In the living cell, biological macromolecules do not sit immobile like bronze statues. They are machines with moving parts; they continually flex and wiggle, mesh and then disengage, spin, flap, bend, stretch; all day long they do a hyperkinetic hokey-pokey.
I have now seen a remarkable performance of that molecular dance. In a talk at Harvard earlier this week David E. Shaw showed two videos, each portraying about a millisecond in the life of a single protein molecule. A millisecond may not sound like much, but the video was created by computing atomic motions at roughly one step per femtosecond. That’s 1012 steps in all. (If you included all the steps in the video, and displayed them at 60 frames per second, the show would go on for 500 years.) …
Watching them in the lecture hall, I was so bedazzled that I neglected to note the identity of the molecules. One was an ion channel, a protein that spans the width of a membrane and controls the passage of some specific ion (potassium, I think, in this case). We watched the six polypeptide strands twisting closed like the blades of a camera iris, shutting off the channel. Another simulation showed an even more dramatic reconfiguration. For many microseconds of biological time, and perhaps half a minute of wall-clock time, the protein sat nervously quivering and fidgeting, hunched up in a compact globule, with occasional minor adjustments to various loops and corners. And then suddenly the whole molecule opened up like a flower blooming; a moment later it closed again. If I understand correctly what Shaw was telling us, the existence of this alternative state had been known from experimental evidence, but the transformation had never been seen before. And, as he remarked early in the talk, “seeing what it looks like” brings a level of understanding that would be hard to achieve by more analytic methods.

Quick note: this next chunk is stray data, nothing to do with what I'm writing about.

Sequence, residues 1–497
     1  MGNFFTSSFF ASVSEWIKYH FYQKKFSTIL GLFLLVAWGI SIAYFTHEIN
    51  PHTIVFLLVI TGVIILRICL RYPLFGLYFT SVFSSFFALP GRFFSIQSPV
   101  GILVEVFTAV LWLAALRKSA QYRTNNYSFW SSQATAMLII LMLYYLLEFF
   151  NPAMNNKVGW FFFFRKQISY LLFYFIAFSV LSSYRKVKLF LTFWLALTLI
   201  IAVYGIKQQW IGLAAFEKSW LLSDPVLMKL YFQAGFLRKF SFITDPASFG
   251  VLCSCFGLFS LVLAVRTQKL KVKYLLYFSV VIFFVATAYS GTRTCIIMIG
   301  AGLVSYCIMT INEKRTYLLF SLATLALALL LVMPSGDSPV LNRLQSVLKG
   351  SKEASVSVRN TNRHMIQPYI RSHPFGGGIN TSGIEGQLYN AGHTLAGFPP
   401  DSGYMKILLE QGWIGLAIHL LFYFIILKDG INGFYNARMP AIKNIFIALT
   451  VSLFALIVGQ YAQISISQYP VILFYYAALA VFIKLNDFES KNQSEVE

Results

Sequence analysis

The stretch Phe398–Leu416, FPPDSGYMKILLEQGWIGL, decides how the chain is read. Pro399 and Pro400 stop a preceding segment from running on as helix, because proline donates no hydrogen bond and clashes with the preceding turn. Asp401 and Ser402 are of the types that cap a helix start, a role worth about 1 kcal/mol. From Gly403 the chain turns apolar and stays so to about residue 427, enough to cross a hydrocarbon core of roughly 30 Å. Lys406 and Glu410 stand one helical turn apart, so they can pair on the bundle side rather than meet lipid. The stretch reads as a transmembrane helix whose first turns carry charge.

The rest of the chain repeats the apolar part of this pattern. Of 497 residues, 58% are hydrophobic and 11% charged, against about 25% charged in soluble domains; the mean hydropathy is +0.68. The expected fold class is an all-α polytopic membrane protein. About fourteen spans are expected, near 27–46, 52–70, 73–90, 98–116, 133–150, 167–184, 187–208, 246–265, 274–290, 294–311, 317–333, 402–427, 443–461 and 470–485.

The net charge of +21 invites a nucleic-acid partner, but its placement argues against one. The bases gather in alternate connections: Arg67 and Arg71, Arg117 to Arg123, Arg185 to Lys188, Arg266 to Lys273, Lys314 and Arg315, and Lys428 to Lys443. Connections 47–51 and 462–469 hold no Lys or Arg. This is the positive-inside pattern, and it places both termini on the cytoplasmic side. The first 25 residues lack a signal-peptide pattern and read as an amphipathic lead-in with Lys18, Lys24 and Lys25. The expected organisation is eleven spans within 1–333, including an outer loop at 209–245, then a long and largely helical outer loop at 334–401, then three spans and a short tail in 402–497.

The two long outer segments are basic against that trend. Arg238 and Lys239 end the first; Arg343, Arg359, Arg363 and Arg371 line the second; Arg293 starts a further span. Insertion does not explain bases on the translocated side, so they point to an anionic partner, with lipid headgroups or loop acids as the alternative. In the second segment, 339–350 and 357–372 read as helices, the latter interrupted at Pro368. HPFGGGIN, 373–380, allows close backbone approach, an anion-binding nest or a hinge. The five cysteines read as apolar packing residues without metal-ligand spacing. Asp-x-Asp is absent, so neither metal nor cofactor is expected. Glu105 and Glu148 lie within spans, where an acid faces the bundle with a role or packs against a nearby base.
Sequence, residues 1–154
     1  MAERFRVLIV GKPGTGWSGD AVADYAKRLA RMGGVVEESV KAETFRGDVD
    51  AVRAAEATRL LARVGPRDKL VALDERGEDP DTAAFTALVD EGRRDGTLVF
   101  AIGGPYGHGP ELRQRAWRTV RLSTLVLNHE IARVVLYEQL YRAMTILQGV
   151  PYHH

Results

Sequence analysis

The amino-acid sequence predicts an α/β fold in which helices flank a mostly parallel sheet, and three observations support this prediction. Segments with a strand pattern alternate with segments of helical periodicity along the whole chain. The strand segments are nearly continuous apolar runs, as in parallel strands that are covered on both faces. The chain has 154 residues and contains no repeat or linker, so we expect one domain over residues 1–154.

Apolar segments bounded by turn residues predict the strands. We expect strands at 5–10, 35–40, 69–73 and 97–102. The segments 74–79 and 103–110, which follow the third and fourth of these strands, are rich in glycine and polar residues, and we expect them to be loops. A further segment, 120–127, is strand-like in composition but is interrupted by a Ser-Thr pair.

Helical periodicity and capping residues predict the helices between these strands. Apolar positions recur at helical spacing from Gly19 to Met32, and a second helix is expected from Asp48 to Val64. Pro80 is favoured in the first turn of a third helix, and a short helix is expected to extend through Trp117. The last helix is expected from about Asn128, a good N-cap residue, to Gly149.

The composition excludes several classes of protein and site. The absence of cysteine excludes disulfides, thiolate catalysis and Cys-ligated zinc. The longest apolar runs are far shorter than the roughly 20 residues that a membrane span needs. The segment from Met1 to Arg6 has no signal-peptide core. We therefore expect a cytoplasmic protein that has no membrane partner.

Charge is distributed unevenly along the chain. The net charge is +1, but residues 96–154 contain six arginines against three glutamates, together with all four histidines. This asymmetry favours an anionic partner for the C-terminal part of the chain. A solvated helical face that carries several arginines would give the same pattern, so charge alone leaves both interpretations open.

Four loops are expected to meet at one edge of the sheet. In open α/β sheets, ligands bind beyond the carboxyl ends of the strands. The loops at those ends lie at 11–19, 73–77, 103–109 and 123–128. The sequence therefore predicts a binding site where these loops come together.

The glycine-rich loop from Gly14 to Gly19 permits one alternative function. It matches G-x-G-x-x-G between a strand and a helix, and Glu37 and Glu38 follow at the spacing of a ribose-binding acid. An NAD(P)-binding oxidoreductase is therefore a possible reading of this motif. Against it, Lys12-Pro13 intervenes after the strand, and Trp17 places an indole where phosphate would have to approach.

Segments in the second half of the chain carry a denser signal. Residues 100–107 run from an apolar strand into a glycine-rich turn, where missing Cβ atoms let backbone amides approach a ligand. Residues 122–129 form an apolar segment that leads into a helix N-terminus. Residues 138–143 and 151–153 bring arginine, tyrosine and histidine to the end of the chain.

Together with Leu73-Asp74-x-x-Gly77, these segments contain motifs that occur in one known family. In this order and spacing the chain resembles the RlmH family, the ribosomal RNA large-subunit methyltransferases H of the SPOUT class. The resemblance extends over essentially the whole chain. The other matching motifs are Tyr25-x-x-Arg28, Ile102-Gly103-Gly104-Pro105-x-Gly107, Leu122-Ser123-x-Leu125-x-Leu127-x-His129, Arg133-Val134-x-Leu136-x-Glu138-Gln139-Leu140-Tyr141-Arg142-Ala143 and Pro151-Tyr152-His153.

Sunday, February 07, 2010
A molecular millisecond
By Brian Hayes